Paying Taxes on Adsense Earnings

Do I have to pay taxes on moneys earned through Google Adsense?

That’s probably one of the most common tax questions asked by webmasters, and unfortunately as much as we all hate paying taxes, the answer to that question is yes, Adsense earnings count as “income”, which means you’ll have to show it as income on your tax return. Depending your total income and where you live, the actual percentage you’ll have to pay in taxes can vary quite a bit. As a Webmaster in the U.S., you’ll need to pay Federal Income Tax, State Income Tax, Self Employment Tax, Local taxes (if applicable) on profits made online with Adsense. Adsense earnings, as well as any and all income generated through other ad networks and affiliate programs are subject to the same taxes that Adsense earnings are.

Federal Income Taxes on Adsense Earnings:
For those earning a substantial amount of money through adsense, the federal income tax will likely take a big chunk out of your adsense earnings. Keep in mind, unlike a regular paycheck, Google does not “withhold” your estimated income taxes, so don’t spend all of your profits right away, as you’ll need to cut the IRS a check at the end of the year if your website makes a profit.

Self Employment Taxes on Adsense Earnings:
Aside from federal income taxes, moneys earned through Adsense are also subject to the Self Employment Tax (which covers Social Security and Medicare taxes for those who work for themselves). Normally if you work for someone else, Social Security, Medicare, and other payroll taxes are automatically taken out of your paycheck. Since you’re self-employed and earning money online, you’re responsible for paying Self-Employment taxes yourself. The Self-Employment tax rate is 13.3% for 2011, but it’s normally 15.3% (12.4% for Social Security and 2.9% for Medicare). Sole Proprietorships, partnerships, and even LLCs are subject to the Self Employment Tax. Savvy webmasters can legally minimize the amount they pay into Social Security and Medicare by forming an S-Corp or C-Corp, but this isn’t even worth looking into unless you’re earning over 50K/year through adsense or a similar ad network. Learn more about this on our Avoid paying Self Employment Tax page.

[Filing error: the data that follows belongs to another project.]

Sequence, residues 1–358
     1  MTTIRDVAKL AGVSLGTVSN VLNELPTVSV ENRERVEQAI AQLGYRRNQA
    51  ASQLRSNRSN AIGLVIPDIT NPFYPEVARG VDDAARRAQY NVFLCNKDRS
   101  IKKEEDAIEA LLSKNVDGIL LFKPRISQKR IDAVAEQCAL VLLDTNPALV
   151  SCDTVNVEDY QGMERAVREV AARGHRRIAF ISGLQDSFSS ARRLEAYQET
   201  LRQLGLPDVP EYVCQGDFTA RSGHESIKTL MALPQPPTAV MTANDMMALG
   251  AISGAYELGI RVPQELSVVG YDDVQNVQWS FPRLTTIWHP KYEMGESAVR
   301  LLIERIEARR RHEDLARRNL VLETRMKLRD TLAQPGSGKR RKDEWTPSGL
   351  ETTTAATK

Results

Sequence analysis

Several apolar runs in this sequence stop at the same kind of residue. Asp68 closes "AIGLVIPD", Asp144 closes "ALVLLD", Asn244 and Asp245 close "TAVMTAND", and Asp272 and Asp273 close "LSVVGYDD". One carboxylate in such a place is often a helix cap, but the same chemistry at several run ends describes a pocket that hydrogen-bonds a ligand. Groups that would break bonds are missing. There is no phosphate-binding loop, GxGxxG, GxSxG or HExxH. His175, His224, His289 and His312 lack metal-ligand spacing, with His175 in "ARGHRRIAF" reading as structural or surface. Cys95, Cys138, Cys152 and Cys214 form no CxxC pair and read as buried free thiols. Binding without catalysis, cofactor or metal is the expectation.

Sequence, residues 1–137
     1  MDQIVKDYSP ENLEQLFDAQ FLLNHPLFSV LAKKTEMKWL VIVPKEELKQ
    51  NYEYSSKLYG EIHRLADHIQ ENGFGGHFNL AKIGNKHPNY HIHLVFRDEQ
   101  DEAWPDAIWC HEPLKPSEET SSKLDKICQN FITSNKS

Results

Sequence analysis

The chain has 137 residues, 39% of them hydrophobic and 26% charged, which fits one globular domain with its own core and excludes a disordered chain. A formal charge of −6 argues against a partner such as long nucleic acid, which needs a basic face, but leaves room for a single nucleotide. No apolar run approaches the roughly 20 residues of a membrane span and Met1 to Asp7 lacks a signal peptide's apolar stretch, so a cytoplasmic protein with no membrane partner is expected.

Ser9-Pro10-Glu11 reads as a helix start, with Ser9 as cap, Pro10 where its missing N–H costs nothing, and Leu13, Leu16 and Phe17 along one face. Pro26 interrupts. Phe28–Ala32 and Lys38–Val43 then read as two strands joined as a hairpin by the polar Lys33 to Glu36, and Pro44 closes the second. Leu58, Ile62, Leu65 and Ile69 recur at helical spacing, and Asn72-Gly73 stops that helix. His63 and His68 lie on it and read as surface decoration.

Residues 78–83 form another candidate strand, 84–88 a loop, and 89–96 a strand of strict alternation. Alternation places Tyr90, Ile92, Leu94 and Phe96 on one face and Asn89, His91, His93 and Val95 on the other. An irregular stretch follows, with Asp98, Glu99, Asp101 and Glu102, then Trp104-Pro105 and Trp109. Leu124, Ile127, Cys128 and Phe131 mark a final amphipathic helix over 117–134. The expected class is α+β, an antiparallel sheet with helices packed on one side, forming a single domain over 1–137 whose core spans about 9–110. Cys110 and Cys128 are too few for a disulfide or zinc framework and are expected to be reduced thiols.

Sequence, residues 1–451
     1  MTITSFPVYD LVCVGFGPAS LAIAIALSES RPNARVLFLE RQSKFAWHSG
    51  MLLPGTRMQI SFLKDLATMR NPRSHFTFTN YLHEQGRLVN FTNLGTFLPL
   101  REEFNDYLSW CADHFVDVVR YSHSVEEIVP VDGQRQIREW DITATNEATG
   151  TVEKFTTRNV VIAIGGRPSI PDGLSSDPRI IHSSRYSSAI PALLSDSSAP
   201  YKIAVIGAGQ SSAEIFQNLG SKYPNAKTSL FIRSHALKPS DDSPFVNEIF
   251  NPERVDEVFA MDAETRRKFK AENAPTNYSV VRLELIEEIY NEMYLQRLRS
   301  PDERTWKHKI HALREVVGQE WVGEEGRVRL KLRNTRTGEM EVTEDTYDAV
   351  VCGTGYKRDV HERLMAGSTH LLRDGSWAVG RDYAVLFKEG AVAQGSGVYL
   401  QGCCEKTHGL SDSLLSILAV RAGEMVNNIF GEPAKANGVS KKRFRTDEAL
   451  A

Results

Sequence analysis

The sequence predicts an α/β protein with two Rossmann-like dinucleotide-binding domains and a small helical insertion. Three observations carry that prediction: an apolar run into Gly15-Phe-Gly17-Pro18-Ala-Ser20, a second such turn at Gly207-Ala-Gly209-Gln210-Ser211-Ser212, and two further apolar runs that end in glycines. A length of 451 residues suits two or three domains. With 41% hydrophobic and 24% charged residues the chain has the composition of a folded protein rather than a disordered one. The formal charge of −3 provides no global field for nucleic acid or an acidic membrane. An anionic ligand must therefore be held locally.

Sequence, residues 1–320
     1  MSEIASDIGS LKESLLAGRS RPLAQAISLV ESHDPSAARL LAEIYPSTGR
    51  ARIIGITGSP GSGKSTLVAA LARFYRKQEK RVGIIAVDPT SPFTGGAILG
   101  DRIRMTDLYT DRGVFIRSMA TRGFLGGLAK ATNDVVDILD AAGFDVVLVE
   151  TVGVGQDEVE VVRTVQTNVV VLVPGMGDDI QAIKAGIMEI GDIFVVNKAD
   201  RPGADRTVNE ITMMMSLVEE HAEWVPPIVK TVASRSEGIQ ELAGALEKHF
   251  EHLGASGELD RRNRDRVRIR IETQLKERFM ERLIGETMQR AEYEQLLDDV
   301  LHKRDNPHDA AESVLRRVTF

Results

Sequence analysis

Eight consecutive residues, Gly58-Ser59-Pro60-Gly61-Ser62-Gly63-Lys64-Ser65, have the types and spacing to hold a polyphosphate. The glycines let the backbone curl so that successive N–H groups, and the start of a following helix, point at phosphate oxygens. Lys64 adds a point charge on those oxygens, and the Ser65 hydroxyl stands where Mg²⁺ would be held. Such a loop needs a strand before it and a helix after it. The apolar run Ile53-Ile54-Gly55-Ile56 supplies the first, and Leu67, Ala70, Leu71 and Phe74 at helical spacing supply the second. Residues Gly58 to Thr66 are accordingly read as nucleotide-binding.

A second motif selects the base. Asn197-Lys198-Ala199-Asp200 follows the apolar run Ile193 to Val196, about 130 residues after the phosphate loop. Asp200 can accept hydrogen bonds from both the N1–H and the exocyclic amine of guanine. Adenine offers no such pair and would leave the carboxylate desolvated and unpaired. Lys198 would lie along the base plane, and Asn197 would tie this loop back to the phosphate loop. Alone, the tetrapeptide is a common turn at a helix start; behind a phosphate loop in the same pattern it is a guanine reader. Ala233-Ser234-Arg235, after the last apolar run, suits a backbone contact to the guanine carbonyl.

To learn more about the Self Employment Tax visit the IRS page on the Self Employment Tax:
http://www.irs.gov/businesses/small/article/0,,id=98846,00.html

Other Taxes on Adsense Earnings
Depending on where you live, you may have to pay additional taxes on top of the Federal Income Tax and the Self Employment Tax. Most States in the United States for example have their own Income Taxes. I live in Las Vegas, NV and Nevada is one of the few states in the U.S. without a state income tax, so this is something I don’t need to worry about. Alaska, Florida, Nevada, New Hampshire, South Dakota, Tennessee, Texas, Washington and Wyoming are all states that do not have individual state income taxes. New York City has its own city level income tax, so if you reside in New York City, you’ll need to pay New York City income tax, New York State income tax, Self Employment Tax, and Federal Income Tax. Webmasters shouldn’t worry too much about the state income tax, as these are typically nothing compared to the two elephants in the room – the Federal Income Tax and the Self Employment Tax.

Remember – You only need to pay taxes on your profits (Revenues after expenses). If you spent $5,000 on content, SEO, and marketing and made $7,000 in revenue, you’re only paying taxes on profit, which is $2,000. If you want to reduce your overall tax burden – the best thing you can do is reinvest your profits into your website. That way you increase the value of your website and reduce your tax liability. Learn how to reduce your taxes by reinvesting your profits. (Link coming soon)

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